Community–owned solar has been hugely successful in the UK. Small groups of dedicated volunteers have formed in practically every part of the country to deliver a variety of schemes, from small rooftop installs on parish halls to utility-scale solar farms. These schemes provide very low-carbon energy exactly where it is needed – at the heart of our communities. They also deliver an exciting array of positive outcomes – social cohesion, ethical investment, community benefit funds, training, education and employment. Above all, perhaps, they have shown that ordinary people are willing and able to work together to address climate change through thriving social businesses that they themselves initiate, fund, and manage.
The community solar movement in the UK was jump-started in 2011 with the introduction of Feed-in Tariffs (FiT) – the government’s support mechanism for small renewables. The tariffs made solar financially viable and together we did the rest. That support mechanism ended completely on 31 March 2019. With that current models for community solar simply stopped adding up.
We are faced with a stark choice – either we give up on community solar, or we come up with a new model. With only a decade in hand to avert disastrous climate change, throwing in the towel is not an option – particularly when we have shown that a citizen- led approach to low-carbon generation can work so well. While we work with many renewable energy technologies, solar has a particularly important role. We urgently need to decarbonise transport and heating – and doing so requires a huge increase in renewable electricity generation. There are hundreds of thousands of suitable solar sites in town and country, located right next to – or on top of – the current and future users of electricity.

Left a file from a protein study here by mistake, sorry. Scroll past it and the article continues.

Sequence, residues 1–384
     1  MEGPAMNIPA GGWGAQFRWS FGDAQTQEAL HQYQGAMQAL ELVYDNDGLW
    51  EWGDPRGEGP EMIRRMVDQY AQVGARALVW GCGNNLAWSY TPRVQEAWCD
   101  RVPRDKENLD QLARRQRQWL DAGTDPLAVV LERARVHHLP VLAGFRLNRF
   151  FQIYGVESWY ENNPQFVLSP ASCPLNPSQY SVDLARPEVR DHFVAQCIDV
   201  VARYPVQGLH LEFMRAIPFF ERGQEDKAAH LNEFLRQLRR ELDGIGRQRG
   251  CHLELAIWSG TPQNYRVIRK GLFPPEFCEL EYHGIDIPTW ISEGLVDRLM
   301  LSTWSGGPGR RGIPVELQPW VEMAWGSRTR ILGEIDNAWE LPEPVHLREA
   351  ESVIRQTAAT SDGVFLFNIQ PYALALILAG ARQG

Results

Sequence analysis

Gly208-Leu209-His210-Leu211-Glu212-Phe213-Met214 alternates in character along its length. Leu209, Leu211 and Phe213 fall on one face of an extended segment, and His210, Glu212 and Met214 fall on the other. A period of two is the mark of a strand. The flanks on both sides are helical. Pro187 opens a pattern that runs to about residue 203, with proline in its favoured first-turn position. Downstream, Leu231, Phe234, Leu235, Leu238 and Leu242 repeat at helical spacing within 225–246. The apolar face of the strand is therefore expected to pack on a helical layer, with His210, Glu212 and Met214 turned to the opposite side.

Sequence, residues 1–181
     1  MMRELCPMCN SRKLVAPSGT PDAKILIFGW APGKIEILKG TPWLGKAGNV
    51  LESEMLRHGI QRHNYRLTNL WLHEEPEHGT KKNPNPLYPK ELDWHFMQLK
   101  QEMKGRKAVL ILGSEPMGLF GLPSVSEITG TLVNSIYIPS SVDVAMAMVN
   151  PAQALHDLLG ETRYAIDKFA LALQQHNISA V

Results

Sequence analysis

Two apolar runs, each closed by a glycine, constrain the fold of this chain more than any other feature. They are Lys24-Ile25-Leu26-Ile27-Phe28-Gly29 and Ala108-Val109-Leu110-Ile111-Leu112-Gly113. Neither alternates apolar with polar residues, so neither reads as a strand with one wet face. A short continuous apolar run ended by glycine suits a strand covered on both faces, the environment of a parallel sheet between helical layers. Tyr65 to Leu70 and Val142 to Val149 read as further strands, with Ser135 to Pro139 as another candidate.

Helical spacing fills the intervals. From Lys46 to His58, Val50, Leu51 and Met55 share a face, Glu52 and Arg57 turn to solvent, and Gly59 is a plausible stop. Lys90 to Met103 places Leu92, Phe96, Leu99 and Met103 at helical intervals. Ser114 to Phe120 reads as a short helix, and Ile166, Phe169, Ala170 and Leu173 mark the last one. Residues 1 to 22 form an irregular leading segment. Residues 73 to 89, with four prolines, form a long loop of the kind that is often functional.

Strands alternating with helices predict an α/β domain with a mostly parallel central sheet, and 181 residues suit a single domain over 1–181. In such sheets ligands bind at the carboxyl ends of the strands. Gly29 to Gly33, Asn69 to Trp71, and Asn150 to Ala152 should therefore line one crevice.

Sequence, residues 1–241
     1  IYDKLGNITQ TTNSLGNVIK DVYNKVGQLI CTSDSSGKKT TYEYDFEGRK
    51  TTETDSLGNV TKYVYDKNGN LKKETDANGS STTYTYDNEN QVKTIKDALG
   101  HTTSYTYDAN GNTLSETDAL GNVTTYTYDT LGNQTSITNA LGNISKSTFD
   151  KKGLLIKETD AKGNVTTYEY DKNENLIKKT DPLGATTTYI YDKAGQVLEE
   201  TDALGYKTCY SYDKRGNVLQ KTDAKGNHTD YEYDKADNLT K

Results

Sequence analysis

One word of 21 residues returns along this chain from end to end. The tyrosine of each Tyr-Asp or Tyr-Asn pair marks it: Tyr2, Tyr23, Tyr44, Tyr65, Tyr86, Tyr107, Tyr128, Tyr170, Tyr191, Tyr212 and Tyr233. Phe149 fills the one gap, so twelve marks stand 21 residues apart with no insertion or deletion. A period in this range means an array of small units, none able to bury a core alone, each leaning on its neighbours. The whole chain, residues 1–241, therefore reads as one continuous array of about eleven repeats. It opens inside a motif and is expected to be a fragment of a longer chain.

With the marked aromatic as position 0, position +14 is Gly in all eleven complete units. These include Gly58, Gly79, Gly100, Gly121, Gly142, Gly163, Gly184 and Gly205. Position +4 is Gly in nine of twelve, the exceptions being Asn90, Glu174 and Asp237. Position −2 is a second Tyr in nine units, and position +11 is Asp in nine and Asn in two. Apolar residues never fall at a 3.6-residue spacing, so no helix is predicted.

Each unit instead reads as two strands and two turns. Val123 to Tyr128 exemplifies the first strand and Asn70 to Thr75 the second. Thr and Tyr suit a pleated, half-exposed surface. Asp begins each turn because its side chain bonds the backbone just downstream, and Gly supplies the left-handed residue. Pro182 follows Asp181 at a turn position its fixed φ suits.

The Big Solar Co-op is our new post-subsidy model. It builds on everything we have learned over the last 8 years working with community solar projects across the country. It will be a nationwide co-operative and movement, with the scale and effectiveness to work even in the absence of any Government subsidy or policy support. It will create meaningful and exciting roles for community solar activists, both existing and new – and it will build a huge amount of new community-owned solar over the next 10 years.